Research shows that benzodiazepines and other anti-anxiety medications are among the most overused and misused. Up to 44 percent of chronic users may develop a dependency. Today, we’ll explore these medications and give you tips for identifying when you’ve crossed the threshold into dependence.
Benzodiazepines: A Summary
Benzodiazepines, often called “benzos,” are a class of drugs typically used for the treatment of anxiety and panic disorders, although they may also be prescribed for those experiencing seizures or insomnia. They work by affecting neurotransmitters in the brain, including boosting neural-activity-suppressing GABA (gamma-aminobutyric acid). It is generally believed that excessive neural activity may be the cause of anxiety, which is why enhanced effects of GABA are useful in the treatment of this mental health concern.
Taking these medications may feel similar to drinking for many people. The sedative effects are temporary and relatively short-lived, meaning that anxieties may persist even after the dosage wears off. This can create a vicious cycle in which people take their benzodiazepines constantly in order to avoid feeling anxious. While patients may have begun taking these pills while experiencing panic attacks, it is not uncommon for them to begin turning to their medication for even the smallest concerns – even preventatively: before meetings, for example.
Side effects of benzodiazepines are varied and may include:
- Dizziness and unsteadiness
- Confusion and disorientation
- Persistent drowsiness
- Irritability and aggression
- Memory issues
Various benzodiazepines are prescribed for specific conditions. For example:
- Anxiety disorders – diazepam (Valium), lorazepam (Ativan), alprazolam (Xanax), chlordiazepoxide (Librium), chlorazepate (Tranxene)
- Seizure disorders – clonazepam (Klonopin), clobazam (Onfi), diazepam (Valium), clorazepate (Tranxene), lorazepam (Ativan)
- Insomnia – estazolam (Prosom), triazolam (Halcion), temazepam (Restoril), flurazepam (Dalmane), quazepam (Doral)
- Anesthesia – lorazepam (Ativan), diazepam (Valium), midazolam (versed)
Signs That You’re Misusing Anti-Anxiety Medication
While addiction and dependence are not the same thing, both conditions can be difficult to recognize and stop before serious issues develop. For this reason, it’s vital to know the signs before you begin taking medications. The two key indicators of dependence are withdrawal and tolerance.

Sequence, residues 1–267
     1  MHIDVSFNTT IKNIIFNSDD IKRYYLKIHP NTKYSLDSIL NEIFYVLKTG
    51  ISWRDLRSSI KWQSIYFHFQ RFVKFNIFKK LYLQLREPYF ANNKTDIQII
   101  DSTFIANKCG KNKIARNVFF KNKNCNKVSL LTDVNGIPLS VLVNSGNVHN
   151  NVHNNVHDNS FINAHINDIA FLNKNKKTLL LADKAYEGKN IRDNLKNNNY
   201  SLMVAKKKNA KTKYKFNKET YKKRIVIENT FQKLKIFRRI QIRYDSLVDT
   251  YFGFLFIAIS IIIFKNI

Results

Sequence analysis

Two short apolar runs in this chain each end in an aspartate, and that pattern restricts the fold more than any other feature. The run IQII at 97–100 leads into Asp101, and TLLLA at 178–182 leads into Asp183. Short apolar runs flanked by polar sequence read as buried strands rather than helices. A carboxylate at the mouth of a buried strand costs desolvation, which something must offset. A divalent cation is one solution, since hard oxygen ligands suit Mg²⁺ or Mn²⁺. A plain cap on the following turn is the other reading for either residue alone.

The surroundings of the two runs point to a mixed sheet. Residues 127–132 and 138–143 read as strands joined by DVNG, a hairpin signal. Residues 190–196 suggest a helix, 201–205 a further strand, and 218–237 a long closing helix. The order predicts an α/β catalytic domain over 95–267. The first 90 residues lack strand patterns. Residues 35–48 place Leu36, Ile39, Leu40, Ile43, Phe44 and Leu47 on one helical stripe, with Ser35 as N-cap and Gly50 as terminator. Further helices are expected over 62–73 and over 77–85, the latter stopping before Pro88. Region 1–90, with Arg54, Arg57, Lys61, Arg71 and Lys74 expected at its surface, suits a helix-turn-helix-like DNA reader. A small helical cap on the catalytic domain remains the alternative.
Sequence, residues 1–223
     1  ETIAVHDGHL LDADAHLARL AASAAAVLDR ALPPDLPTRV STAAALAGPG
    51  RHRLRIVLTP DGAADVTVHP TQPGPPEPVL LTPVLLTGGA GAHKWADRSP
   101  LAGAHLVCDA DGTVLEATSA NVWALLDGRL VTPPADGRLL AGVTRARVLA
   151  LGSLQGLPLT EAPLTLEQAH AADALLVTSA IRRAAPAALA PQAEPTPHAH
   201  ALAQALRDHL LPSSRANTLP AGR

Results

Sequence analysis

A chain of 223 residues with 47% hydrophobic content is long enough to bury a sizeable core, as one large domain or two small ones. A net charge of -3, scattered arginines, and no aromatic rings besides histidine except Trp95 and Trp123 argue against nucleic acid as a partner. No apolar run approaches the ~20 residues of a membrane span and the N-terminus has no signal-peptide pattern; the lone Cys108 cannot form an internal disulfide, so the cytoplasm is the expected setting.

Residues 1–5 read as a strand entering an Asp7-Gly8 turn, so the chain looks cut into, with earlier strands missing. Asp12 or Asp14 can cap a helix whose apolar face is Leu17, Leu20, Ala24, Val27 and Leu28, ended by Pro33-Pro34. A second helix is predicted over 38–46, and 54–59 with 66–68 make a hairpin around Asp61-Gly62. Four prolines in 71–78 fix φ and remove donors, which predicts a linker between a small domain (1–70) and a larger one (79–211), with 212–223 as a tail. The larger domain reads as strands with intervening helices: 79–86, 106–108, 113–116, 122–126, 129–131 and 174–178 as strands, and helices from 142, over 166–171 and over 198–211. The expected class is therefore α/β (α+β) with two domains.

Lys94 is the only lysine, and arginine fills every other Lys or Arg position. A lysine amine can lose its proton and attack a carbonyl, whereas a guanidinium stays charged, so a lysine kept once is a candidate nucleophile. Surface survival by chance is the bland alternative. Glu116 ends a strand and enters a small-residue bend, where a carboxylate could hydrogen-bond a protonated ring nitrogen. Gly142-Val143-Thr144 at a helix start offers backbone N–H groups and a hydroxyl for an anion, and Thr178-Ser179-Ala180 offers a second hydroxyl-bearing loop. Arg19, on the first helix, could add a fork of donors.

Withdrawal – All benzodiazepines can cause some level of physical dependence, even when they are taken according physician instructions. Withdrawal occurs when the body has acclimated to a certain amount of a substance, adjusting neurotransmitter production accordingly. In this example, GABA production has been modified in expectation of consistent dosages of Valium or Ativan. When that dose doesn’t come through, the body is at a deficit and you will experience withdrawal: a series of uncomfortable side effects from sudden cessation of use.
The first signs of benzo withdrawal are tremors and heart palpitations, quickly followed by an inability to concentrate, difficulty sleeping, increased anxiety, muscle stiffness, and visual hallucinations. Other symptoms may include seizures, rapid heart rate, increased blood pressure, and potentially death, depending on the severity of one’s dependency. For this reason, professional supervision should be utilized in your recovery from benzodiazepine use.
Tolerance – The trademark of developing a chemical dependence (and the beginnings of an addiction) to any drug is the establishment of tolerance. In these instances, you will require gradually more of the drug in order to achieve the same effect over time. This happens because the body has grown used to the benzodiazepines, and, through a process of neuroadaptations, has altered its chemistry to compensate.
Other Signs – In addition to these two main indicators, there are a variety of other signs that you may have an issue with your anti-anxiety medications. If you feel unable to cope without the drug or have tried to cut back on it without success, these are considered to be symptoms of a potential dependence or addiction. Likewise, if you find yourself taking pills more often than prescribed or otherwise against your physician’s instructions, or if you exhibit drug-seeking behaviors such as doctor-shopping (visiting multiple clinicians to obtain more medication), we encourage you to reach out for help.
Loved ones may notice behavioral symptoms such as irritability, tension, drowsiness, sluggish movement, memory problems, or personality changes.
Help for Benzodiazepine Addiction
If you or a loved one are concerned about the use of benzodiazepines, call Lakeside-Milam Recovery Centers today at (800) 231-4303. With over 100,000 alumni and services along the complete continuum of care, Lakeside-Milam is the premier addiction treatment provider in the Pacific Northwest.